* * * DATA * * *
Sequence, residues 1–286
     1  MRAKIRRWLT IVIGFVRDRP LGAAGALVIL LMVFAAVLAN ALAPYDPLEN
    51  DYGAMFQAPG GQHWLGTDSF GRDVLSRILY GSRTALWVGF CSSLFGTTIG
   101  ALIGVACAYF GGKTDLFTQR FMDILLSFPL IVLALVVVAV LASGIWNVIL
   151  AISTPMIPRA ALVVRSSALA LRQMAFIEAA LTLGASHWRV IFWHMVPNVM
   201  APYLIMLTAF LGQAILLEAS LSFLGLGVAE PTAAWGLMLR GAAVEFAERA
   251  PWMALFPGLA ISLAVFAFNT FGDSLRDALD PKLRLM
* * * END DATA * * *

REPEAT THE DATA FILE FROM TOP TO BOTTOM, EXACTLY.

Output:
Sequence, residues 1–286
     1  MRAKIRRWLT IVIGFVRDRP LGAAGALVIL LMVFAAVLAN ALAPYDPLEN
    51  DYGAMFQAPG GQHWLGTDSF GRDVLSRILY GSRTALWVGF CSSLFGTTIG
   101  ALIGVACAYF GGKTDLFTQR FMDILLSFPL IVLALVVVAV LASGIWNVIL
   151  AISTPMIPRA ALVVRSSALA LRQMAFIEAA LTLGASHWRV IFWHMVPNVM
   201  APYLIMLTAF LGQAILLEAS LSFLGLGVAE PTAAWGLMLR GAAVEFAERA
   251  PWMALFPGLA ISLAVFAFNT FGDSLRDALD PKLRLM